BY ALEXANDRA TIRADO OROPEZA
Calling out Taylor Swift for anything these days is not a wise decision. You can expect encounters with millions of “Swifties” defending her until the very end. You’ll be challenged by a group of feminists claiming that Taylor is a great feminist role model. Swift’s new artistic chapter is focused on embracing any kind of shade thrown her way, so complaining about her is counterproductive. Nevertheless, in a world full of opinionated Swifties, it is important to voice the inconsistencies of their heroine.
In a matter of days, Taylor Swift’s new song “Look What You Made Me Do” from her new album Reputation has broken a lot of records, including most viewed video on Youtube within its first 24 hours of release. The new song gets the unofficial record for the pettiest Taylor Swift single since it has challenged everything she has said she stands for in the past.
The single cannot be described as anything but a well-planned vendetta with a catchy chorus.
In just the first 20 seconds of the video, the first stab is taken when Swift is depicted crawling out of her own tomb and the song makes a reference to her ex-boyfriend Calvin Harris. While she is dancing in the graveyard, a tombstone with the name Nils Sjoberg can be spotted in the background, which is the alias Swift used when she wrote Calvin’s song “This Is What You Came For.” From there, it just snowballs into an extravaganza of gossip and feud references so thick that you can hardly keep up. With well-placed items and costumes, Swift disses Kim Kardashian, Kanye West, Katy Perry, Spotify, Tom Hiddleston and even herself in the process. What is masked as a ballsy and stand-offish move, and definitely as an Easter egg hunt of gossip for the fans, is actually one of Taylor’s favorite moves to get the ball back in her court after she has dropped it–- and it has been for some time.
One of the most prominent lines of the song is a recording by Swift herself which states “Sorry, the old Taylor can’t come to the phone right now. Why? Oh, ‘cause she’s dead.” After that, there is a scene that depicts Taylor rising above versions of herself from past years. Upon reflection, one could conclude that what we “made her do” is metaphorically kill the old naive, sweet version of herself and turn her into a vengeful femme fatale. Did we, though?
This is not the first time that Swift has gone full revenge mode in one of her albums. Every single album has at least one revenge-related song in it. She has been known to be vicious with her ex-boyfriends by publicly shaming them with her songs and making clever attempts to make it obvious who it was intended for. No one could forget the whole Joe Jonas era with her Fearless “Forever & Always” song or her not-so-conspicuous jab at John Mayer with “Dear John” in Sparks Fly. Either by just mentioning it or by putting out a song to serve as a means of public vengeance on someone who wronged her, Swift is always careful to include an ode to revenge. This trend of hers doesn’t limit itself to men, but also applies to women who have crossed her.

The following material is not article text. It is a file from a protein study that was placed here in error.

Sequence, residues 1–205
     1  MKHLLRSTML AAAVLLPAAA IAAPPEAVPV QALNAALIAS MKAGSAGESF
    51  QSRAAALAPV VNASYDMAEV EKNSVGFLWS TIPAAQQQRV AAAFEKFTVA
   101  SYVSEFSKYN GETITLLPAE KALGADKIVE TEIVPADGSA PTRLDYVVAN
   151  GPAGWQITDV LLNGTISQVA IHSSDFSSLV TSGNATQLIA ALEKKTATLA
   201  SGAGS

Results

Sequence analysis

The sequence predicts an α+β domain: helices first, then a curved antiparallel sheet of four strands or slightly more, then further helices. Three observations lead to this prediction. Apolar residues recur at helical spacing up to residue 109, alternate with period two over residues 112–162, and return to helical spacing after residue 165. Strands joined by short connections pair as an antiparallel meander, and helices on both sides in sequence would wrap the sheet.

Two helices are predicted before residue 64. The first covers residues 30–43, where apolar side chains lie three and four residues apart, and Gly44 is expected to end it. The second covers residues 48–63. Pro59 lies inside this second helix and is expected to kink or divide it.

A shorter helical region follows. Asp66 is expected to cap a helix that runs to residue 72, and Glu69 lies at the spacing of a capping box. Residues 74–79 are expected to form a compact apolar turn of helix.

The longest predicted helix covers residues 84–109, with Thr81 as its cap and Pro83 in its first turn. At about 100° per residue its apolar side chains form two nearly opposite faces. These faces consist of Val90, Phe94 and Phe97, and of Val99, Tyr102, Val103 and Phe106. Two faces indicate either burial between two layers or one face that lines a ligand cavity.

Swift was hailed a feminist heroine for winning a trial over a man who grabbed her butt in an interview. Swift won a total of one dollar for the settlement, and promised she would “make donations in the near future to multiple organizations that help sexual assault victims.” This gesture is really grand, which is why it’s such a shame to see that Taylor works so hard to destroy the reputation of women who don’t play to the beat of her drum. Ironic, isn’t it?
Among these ladies are Camilla Belle, who got a nod during Swift’s song “Better than Revenge” from Sparks Fly, Kim Kardashian in “Look What You Made Me Do,” and notably Katy Perry, who is rumored to have been the inspiration behind 1989’s “Bad Blood.” Hardly a feminist move.
So, what we made her do is further the narrative that Swift has been feeding the world for years — and I personally would really like to be “excluded from it.” Whether is through the pretense of art, feminism or fan love, Swift seeks to shield herself from the same criticism she keeps putting onto other people. In the end, it is all a controlled show to display an image of herself that doesn’t really align with the things she does. Everybody likes the idea of the victim becoming the saviour, which is why it is so complicated to criticize Taylor Swift nowadays. But, after all of her recent antics, that is exactly what she made me do.
Alexandra Tirado Oropeza can be reached at firstname.lastname@example.org.